Activism Media

At the Emmys, Award Winners Use Their Acceptance Speeches to Highlight Feminist Issues

Last night, The 71st Primetime Emmy Awards was shown on Fox, awarding actors, directors, writers, and others for their work in television over the past year. Throughout the night there were a few historic wins, including Billy Porter for Best Lead Actor in a dramatic category for his work in the show “Pose.” Porter is the first openly gay black man to be awarded in this category. Additionally, 21 year old Jharrel Jerome is one of the youngest Emmy winners in the limited series or movie category for his role in “When They See Us.” He is the first Afro-Latinx winner in the category. Besides these important milestones, some award winners used their time on stage to highlight social issues that are meaningful to them.

Actress Patricia Arquette, who won for best supporting actress in a limited series or movie for “The Act,” expressed her gratitude and excitement for the award before turning towards an issue that is deeply personal to her. “[In] my heart, I’m so sad,” she stated. “I lost my sister Alexis, and that trans people are still being persecuted, and I’m in mourning every day of my life.” Arquette’s sister Alexis, who was transgender, passed away from complications related to HIV in 2016. “Change the world so trans people are not persecuted. And give them jobs. They’re human beings, so give them jobs,” Arquette concluded. According to the National Center for Transgender Equality, job discrimination against trans people of color in particular has led one in eight into extreme poverty. Just last August, the Department of Justice submitted a brief to the Supreme Court asking to set a legal precedent that would allow employers to fire transgender employees.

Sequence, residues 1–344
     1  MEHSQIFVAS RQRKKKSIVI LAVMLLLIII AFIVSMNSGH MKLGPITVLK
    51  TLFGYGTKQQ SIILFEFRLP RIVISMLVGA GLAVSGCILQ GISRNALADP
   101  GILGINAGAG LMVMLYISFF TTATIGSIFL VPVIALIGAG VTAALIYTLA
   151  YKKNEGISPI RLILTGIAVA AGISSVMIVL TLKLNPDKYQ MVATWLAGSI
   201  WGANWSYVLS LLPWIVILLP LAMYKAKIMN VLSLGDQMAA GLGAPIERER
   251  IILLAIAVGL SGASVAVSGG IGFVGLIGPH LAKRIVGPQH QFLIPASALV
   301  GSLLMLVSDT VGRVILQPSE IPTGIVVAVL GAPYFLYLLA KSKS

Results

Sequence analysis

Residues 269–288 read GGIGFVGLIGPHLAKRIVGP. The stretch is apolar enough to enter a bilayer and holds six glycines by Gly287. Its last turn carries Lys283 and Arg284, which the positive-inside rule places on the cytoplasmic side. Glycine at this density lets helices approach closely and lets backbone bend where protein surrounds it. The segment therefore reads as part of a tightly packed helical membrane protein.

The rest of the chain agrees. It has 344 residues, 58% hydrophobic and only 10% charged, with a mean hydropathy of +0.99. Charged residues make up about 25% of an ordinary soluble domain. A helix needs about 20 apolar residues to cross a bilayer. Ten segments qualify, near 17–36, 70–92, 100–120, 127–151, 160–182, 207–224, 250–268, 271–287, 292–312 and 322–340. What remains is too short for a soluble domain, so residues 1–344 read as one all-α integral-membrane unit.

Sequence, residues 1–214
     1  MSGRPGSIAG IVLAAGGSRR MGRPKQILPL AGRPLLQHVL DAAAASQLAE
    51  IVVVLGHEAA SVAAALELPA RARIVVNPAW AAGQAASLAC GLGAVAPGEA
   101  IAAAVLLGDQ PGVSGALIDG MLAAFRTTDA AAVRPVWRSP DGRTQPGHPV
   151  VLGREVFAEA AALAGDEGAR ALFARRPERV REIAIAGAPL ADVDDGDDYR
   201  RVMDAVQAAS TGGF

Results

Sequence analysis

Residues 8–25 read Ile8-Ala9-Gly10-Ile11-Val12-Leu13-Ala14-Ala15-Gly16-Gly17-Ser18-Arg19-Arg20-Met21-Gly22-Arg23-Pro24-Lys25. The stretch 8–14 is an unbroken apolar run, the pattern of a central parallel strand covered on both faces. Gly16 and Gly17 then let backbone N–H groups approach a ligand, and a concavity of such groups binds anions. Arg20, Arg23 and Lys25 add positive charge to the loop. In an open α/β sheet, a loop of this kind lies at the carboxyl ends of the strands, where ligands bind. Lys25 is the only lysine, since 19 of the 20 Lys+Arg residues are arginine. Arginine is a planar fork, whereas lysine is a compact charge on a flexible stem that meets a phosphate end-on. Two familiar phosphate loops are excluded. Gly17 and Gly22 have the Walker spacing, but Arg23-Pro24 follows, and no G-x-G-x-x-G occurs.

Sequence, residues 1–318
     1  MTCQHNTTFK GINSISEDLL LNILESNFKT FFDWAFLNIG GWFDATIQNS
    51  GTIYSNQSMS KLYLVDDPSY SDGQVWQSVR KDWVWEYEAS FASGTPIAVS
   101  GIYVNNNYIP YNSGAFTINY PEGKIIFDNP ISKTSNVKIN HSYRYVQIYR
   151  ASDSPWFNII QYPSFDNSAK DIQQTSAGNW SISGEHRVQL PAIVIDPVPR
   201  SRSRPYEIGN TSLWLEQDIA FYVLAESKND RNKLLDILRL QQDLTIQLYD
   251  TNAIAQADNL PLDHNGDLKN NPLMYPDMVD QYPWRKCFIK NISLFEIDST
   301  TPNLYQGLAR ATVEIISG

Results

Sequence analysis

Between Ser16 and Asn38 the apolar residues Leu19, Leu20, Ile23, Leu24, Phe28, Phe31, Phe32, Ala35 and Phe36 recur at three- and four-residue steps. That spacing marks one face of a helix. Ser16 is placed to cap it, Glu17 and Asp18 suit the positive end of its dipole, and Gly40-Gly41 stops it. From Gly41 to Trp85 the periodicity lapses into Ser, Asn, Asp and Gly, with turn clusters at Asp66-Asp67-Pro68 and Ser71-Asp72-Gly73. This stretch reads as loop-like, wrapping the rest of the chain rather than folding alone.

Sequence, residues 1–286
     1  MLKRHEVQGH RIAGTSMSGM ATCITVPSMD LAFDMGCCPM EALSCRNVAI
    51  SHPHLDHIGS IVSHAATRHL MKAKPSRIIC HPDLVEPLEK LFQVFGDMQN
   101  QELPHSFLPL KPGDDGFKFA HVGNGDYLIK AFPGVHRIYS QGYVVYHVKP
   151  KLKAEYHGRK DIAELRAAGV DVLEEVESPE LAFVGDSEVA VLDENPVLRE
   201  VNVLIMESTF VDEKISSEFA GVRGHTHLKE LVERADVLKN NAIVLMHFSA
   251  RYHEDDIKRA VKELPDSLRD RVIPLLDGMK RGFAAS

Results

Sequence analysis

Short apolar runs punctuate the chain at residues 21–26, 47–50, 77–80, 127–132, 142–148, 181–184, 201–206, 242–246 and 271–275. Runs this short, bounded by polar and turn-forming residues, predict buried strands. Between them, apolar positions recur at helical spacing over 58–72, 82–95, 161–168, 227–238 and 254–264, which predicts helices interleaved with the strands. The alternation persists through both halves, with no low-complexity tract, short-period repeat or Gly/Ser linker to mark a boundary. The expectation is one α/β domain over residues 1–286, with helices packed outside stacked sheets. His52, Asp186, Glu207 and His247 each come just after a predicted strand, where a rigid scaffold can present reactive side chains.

Another award winner, Michelle Williams, used her acceptance speech for best lead actress in a limited series or movie to highlight wage inequality in the workplace. The “Fosse/Verdon” actress thanked the show’s producers for “supporting me completely and paying me equally.” She went on to discuss how wage equality promotes empowerment and autonomy in the workplace, saying “so the next time a woman — especially a woman of color, because she stands to make 52 cents on the dollar to her white male counterpart — tells you what she needs to do her job, listen to her, believe her.” The National Partnership for Women and Families has reported in a study that wage disparities exist across all industries, and that women of color face the brunt of this type of inequality.

Sources: LA Times 9/22/19; ET Online 9/22/19; Washington Post 9/22/19; National Center for Transgender Equality; Time 8/17/19; National Partnership for Women and Families, September 2019